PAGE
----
Jason E. Edwards


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Climate‐change refugia in boreal North America: what, where, and for how long?
Diana Stralberg, Dominique Arseneault, Jennifer L. Baltzer, Quinn E. Barber, Erin M. Bayne, Yan Boulanger, Clifford M. Brown, Hilary A. Cooke, K. J. Devito, Jason E. Edwards, César A. Estevo, Nadele Flynn, Lee E. Frelich, Edward H. Hogg, Mark Johnston, Travis Logan, Steven M. Matsuoka, Paul A. Moore, Toni Lyn Morelli, Jacques Morissette, Elizabeth A. Nelson, Hedvig K. Nenzén, Scott E. Nielsen, Marc André Parisien, John H. Pedlar, David T. Price, Fiona K. A. Schmiegelow, Stuart M. Slattery, Oliver Sonnentag, Daniel K. Thompson, Ellen Whitman
Frontiers in Ecology and the Environment, Volume 18, Issue 5

H latitude regions around the world are experiencing particularly rapid climate change. These regions include the 625 million ha North American boreal region, which contains 16% of the world’s forests and plays a major role in the global carbon cycle (Brandt et al. 2013). Boreal ecosystems are particularly susceptible to rapid climatedriven vegetation change initiated by standreplacing natural disturbances (notably fires), which have increased in number, extent, and frequency (Kasischke and Turetsky 2006; Hanes et al. 2018) and are expected to continue under future climate change (Boulanger et al. 2014). Such disturbances will increasingly complicate species persistence, and it will therefore be critical to identify locations of possible climatechange refugia (areas “relatively buffered from contemporary climate change”) (Morelli et al. 2016). These “slow lanes” for biodiversity will be especially important for conservation and management of boreal species and ecosystems (Morelli et al. 2020). Practically speaking, the refugia concept can translate into specific sites or regions that are expected to be more resistant to the influence of climate change than other areas (“in situ refugia”; Ashcroft 2010). Refugia may also encompass sites or regions to which species may more readily retreat as climate conditions change (“ex situ refugia”; Ashcroft 2010; Keppel et al. 2012), as well as temporary “stepping stones” (Hannah et al. 2014) linking current and future habitats. In addition to areas that are climatically buffered, fire refugia – “places that are disturbed less frequently or less severely by wildfire” (Krawchuk et al. 2016) – may also play key roles in promoting ecosystem persistence under changing conditions (Meddens et al. 2018). Previous examinations of climatechange refugia have primarily emphasized external, terrainmediated mechanisms. Factors such as topographic shading and temperature inverClimatechange refugia in boreal North America: what, where, and for how long?


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Adapting forest management to climate change: The state of science and applications in Canada and the United States
Jessica E. Halofsky, Sheri Anne Andrews-Key, Jason E. Edwards, Mark Johnston, Harry W. Nelson, David L. Peterson, Kristen Schmitt, Christopher W. Swanston, Tim Williamson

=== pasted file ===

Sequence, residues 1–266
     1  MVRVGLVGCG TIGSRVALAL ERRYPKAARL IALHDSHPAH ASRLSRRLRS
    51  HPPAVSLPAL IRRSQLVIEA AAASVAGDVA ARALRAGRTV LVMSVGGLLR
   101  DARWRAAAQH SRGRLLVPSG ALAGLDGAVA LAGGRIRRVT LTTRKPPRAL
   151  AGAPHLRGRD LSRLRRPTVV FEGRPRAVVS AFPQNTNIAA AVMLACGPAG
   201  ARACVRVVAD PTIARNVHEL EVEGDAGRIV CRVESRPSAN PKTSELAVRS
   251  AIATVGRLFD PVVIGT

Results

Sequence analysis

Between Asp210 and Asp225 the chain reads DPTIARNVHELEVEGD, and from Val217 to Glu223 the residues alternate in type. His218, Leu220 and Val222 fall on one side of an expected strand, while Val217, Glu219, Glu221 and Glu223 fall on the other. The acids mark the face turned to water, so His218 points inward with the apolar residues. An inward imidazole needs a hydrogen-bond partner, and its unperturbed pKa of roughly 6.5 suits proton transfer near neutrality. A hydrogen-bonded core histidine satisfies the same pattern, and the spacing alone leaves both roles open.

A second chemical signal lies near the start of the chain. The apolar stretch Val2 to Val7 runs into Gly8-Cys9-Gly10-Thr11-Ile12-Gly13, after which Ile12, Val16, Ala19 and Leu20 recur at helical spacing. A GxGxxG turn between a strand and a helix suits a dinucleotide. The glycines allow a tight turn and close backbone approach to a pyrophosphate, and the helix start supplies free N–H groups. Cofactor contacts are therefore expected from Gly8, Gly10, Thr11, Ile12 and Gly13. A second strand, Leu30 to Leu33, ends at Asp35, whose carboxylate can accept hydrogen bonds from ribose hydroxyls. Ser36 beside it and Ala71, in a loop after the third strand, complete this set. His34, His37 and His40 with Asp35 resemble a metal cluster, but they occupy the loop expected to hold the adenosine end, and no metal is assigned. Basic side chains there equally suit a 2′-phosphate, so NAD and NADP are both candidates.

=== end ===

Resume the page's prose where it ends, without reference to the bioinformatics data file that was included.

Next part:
Forest Ecology and Management, Volume 421

Abstract Over the last decade, considerable progress has been made in developing vulnerability assessment tools and in applying these methodologies to identify and implement climate change adaptation approaches for forest ecosystems and forest management organizations in Canada and the United States. However, given that adaptation processes are in early stages, evaluation of approaches across agency, organizational, and geographic boundaries is critical. Thus, we conducted a qualitative comparison of three conceptual frameworks for climate change vulnerability assessment and adaptation efforts in the Canadian and United States forestry agency contexts. We focus our comparison on components of the conceptual frameworks, development process, intended users, similarities and differences in institutional contexts (geographic and organizational), and implementation. Finally, we present case studies to illustrate how the frameworks have been implemented on the ground and in different contexts. Despite different trajectories of development, the Canadian and US forest agencies have developed similar conceptual frameworks for vulnerability assessment and adaptation. We found that key components of the conceptual frameworks included: establishing a science-management partnership; evaluating current forest conditions and management objectives; conducting detailed science-based vulnerability assessments; developing adaptation approaches and on-the-ground tactics; implementing adaptation tactics; and monitoring outcomes and adjusting as needed. However, the contexts in which these frameworks are implemented vary considerably within and between countries, mostly because of differences in land ownership, management norms, and organizational cultures. On-the-ground applications, although slow to develop, are beginning to proliferate, providing examples that can be emulated by others. A strategy for accelerating implementation of adaptation in Canada and the United States is suggested, building on successes by federal agencies and extending to public, private, and crown lands.